Rachel Brown: Glass-Steagall, and a National Bank
January 12, 2012 • 5:15PM

by Rachel Brown

At this moment in history, there is no relevant issue for discussion other than the subject of the American System of physical economy, as the replacement for the deceased world monetary-financial system. Glass-Steagall will dump the worthless derivative debt and stop the bailout, and the National Bank will fund the recovery. Money, when taken as having value in and of itself, has only been (and can only be) used to prevent necessary measures for development of a national economy, resulting in claims that "It costs too much!" Now, we are beyond hope for the current system. It must be buried, and the American System, as laid out in our constitution by Hamilton and Franklin, must be brought back to life.

Glass-Steagall must be reinstated now, but once that is done there will not be enough credit in the American banking system for funding the recovery effort we need. This means that we will need a new national bank which will employ the principle of credit, not money, to generate useful economic activity. This is a Hamiltonian principle, which was tied in with the founding of the United States itself, as a defining trait of our then newly-founded sovereign nation-state, which established that we did not need to borrow money to do what was necessary for the development of our nation, and the needs of our citizens. Originally, this principle of credit was employed for funding the revolutionary war debt, which debt was itself founded in a higher principle, as expressed in our Declaration of Independence. Hamilton created public bonds to fund the debt, which, with their value guaranteed by the unimpeachable power of our newly-formed Federal government, could be usable as a form of money, thereby using the debt "as a blessing" to improve economic output and ensure its own future fungibility.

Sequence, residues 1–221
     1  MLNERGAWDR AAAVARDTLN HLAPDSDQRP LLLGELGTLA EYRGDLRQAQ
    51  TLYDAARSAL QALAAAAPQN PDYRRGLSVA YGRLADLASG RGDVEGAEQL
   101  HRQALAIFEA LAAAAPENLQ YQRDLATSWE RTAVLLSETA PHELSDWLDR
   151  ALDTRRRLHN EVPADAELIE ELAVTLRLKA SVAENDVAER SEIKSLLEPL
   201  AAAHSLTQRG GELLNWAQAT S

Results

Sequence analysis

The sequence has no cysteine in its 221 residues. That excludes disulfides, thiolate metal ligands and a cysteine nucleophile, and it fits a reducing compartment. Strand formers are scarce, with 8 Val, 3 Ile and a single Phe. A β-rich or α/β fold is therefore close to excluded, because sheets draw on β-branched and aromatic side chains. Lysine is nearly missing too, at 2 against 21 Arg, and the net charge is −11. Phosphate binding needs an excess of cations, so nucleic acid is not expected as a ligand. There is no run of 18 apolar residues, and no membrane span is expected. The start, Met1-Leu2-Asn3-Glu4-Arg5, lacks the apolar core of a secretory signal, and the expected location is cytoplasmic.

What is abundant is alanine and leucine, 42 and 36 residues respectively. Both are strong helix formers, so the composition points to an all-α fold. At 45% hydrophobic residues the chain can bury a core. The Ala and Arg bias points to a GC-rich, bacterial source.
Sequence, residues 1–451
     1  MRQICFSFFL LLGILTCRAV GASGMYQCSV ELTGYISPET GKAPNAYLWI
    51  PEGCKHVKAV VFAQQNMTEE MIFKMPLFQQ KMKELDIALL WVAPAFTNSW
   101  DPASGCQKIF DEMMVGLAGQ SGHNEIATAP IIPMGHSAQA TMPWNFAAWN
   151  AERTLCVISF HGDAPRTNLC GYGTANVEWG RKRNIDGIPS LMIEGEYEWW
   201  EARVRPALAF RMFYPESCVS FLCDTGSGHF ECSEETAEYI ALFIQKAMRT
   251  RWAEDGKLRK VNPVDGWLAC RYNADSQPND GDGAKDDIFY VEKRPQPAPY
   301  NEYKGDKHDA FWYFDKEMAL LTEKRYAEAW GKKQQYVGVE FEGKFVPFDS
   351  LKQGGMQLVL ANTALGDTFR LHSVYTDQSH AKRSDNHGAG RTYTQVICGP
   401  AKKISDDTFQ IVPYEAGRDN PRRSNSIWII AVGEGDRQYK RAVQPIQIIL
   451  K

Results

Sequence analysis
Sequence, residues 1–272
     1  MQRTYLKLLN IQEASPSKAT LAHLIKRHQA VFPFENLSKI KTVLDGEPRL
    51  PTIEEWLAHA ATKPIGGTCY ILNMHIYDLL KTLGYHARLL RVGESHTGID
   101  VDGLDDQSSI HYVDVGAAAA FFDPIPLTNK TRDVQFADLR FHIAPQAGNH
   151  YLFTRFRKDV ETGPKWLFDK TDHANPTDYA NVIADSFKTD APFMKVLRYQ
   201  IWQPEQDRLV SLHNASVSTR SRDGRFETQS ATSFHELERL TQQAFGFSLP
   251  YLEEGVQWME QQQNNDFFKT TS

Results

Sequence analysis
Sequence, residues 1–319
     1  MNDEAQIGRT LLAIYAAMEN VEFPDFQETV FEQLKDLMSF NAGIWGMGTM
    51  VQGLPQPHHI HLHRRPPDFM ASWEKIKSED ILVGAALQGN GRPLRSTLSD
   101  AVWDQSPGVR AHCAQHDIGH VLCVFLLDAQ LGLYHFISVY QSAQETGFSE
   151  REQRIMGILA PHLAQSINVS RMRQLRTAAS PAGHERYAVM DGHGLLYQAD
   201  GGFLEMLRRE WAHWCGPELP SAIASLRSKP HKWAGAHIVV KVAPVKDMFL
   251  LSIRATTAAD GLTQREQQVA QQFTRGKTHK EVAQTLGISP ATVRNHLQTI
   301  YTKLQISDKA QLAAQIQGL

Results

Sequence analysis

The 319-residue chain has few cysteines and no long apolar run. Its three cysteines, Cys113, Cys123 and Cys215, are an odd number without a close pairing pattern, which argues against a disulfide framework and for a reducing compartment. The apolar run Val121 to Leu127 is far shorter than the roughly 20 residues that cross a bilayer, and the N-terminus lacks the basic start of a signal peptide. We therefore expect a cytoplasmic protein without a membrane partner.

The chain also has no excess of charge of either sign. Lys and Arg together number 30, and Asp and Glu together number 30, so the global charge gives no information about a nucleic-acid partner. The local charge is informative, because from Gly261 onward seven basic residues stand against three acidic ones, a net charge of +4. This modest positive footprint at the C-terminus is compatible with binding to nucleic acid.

Lincoln later used the same principle of credit to finance economic development with his greenback policy, making the United States the economic leader of the world. The policy resulted in incredible development; the construction of more rail lines in the United States by 1900 than in all of Europe combined, the increase of the issuance of patents from 883 in 1850, to 14,000 in 1876, and the massive rise in population, nearly tripling from 31 million in 1860, to 92 million in 1902. Franklin Roosevelt not long after employed the same constitutional principle by directing federal credit via the Treasury and the RFC to build his ingenious development projects which still sustain our nation to this day, and made the United States a greater economic powerhouse than the world had ever seen, allowing us to produce the logistical support required to crush Hitler's army.

The essential difference between a monetary system, and a credit system, is analogous to the difference between an oligarchical system and the renaissance principle of human creativity. None of the candidates for President today understand this, or are prepared to act on it. Lyndon LaRouche, and our Federal slate is committed to forcing the principle of the credit system into action, because it is the only Constitutional way to save the world now.

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